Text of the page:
“Regression analysis of country-specific death rates among 137 countries, showed that approximately 400?000 deaths were estimated to be unaccounted for during the first year of the pandemic, most likely among autocratic governments.

 During the early stages of the pandemic, the Chinese Government limited knowledge of the emerging disease and downplayed its severity. The Chinese Government did not allow the media to use terms like fatal and lockdown. Houthi rebels in Yemen relied on under-reporting cases to avoid accountability and maintain economic activity, leading to the reporting of only four COVID-19 cases and one death in the highly populated Sana’a City over the first year of the pandemic. Most countries report cases and deaths that are both probable and confirmed by testing. However, in Russia, only COVID-19 confirmed deaths are included in official counts, despite low supplies of PCR tests, leading to vast under-reporting of deaths. Similarly, some Brazilian hospitals have been implicated in the under-reporting of COVID-19 deaths in response to government pressure to avoid triggering the apparent need for lockdown measures. When official and aggregate sources were available, the JHU CSSE team overcame such challenges by implementing innovative anomaly detection processes and data fusion approaches in the data coalition process.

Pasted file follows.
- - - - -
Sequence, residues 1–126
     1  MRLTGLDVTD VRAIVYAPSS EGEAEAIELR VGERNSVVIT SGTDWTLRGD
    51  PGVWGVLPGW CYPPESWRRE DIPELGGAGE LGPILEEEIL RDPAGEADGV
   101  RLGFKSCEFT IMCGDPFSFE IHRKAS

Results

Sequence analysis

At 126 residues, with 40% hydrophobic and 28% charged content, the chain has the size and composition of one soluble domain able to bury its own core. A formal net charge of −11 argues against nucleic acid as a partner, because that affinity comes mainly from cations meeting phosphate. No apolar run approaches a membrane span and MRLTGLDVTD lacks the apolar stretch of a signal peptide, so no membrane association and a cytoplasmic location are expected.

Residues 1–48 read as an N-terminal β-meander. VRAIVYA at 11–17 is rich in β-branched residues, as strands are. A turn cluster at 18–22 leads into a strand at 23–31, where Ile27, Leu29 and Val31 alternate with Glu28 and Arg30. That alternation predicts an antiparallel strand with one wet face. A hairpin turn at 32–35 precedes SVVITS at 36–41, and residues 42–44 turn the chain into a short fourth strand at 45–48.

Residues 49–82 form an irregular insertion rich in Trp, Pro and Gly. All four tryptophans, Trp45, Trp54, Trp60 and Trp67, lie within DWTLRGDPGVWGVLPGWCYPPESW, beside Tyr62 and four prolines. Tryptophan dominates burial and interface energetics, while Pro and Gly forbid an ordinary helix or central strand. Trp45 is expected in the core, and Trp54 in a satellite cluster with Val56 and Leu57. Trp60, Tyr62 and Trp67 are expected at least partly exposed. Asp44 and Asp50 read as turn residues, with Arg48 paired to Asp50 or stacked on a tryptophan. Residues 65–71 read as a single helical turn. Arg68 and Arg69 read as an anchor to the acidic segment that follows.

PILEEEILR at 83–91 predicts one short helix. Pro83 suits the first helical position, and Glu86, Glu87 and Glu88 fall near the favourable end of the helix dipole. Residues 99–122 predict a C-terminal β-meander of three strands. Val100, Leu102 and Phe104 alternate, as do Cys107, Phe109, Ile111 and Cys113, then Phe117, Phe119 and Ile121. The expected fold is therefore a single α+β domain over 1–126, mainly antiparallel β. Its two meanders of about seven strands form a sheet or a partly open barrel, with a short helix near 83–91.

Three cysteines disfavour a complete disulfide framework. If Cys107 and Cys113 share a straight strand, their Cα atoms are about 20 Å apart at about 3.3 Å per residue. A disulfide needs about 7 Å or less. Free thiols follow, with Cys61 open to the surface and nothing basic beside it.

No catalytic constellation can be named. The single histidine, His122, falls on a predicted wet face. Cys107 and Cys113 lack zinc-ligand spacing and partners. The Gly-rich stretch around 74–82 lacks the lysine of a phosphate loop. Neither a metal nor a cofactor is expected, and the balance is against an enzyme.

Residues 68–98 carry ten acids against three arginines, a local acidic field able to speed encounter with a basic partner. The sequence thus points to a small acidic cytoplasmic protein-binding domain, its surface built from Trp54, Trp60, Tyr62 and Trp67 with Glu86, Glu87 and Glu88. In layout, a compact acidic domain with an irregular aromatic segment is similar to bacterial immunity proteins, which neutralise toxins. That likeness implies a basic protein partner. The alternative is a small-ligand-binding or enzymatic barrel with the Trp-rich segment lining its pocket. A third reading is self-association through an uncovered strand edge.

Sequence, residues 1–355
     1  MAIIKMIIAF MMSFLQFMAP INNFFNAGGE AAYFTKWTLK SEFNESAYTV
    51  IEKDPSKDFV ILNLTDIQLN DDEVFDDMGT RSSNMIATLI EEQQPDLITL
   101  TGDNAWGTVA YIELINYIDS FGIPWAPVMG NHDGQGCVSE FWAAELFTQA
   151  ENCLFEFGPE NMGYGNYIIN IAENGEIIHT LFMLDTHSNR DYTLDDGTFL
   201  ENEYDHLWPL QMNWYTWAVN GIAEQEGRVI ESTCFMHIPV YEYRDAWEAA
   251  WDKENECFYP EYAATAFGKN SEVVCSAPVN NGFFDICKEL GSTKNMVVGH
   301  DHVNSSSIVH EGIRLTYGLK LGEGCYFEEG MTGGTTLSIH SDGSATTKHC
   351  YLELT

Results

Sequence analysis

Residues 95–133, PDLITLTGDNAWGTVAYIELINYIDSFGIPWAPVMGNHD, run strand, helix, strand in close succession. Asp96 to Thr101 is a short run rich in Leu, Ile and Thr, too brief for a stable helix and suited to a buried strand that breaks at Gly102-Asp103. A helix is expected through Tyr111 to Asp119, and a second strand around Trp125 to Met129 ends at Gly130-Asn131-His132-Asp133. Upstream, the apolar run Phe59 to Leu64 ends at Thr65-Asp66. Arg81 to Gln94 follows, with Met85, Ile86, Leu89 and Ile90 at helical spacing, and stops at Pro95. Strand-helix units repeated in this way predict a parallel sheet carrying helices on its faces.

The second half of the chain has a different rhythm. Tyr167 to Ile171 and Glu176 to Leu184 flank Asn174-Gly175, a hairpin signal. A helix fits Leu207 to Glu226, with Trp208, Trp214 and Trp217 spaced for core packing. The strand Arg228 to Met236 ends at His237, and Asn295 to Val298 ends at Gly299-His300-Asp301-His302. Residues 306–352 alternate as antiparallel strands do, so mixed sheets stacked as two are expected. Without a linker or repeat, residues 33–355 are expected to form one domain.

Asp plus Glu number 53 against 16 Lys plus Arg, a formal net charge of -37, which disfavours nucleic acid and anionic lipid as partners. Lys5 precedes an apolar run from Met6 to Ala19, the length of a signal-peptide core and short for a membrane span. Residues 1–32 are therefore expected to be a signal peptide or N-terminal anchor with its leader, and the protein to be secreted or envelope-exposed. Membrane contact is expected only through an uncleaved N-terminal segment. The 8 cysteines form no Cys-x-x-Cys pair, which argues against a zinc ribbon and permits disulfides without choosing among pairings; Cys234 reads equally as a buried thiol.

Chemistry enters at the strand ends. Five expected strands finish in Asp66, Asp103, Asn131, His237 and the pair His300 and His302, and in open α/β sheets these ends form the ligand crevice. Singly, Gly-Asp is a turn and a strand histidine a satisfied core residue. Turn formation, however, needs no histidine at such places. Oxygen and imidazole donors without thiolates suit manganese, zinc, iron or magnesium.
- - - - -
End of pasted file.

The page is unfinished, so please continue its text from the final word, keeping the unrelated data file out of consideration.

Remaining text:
Political polarisation has threatened the reliability of data supplied by US Government agencies. The Trump White House Administration advised hospitals to send data on SARS-CoV-2 and intensive care unit capacities to a private company, bypassing the US Center for Disease Control and Prevention (CDC). Concerningly, a relationship was exposed between the private contractor and the Trump family’s corporation. The switch to sending data to a private contractor led to a hiatus in publicly available data from the US CDC. Moreover, the transition was accompanied by sporadic updates, with many irregularities in the data and inconsistencies in the definition of metrics from the contracted private company….”

Best-selling chemistry textbook is now free | News | Chemistry World

“The author of a popular organic chemistry textbook is making it freely available to students after learning about a loophole in his copyright agreement with the publisher.

John McMurry’s Organic Chemistry has been one of the best selling chemistry textbooks since it was first printed in 1984. Under his agreement with Cengage Learning, the book’s publisher, McMurry realised he could ask for the book’s copyright to be returned to him 30 years after it was first printed. Without copyright of the first edition, the publisher is unable to produce any more new editions, McMurry notes.

McMurry, an emeritus professor of chemistry and chemical biology at Cornell University, US, says the move was a tribute to his son who passed away from cystic fibrosis three years ago….”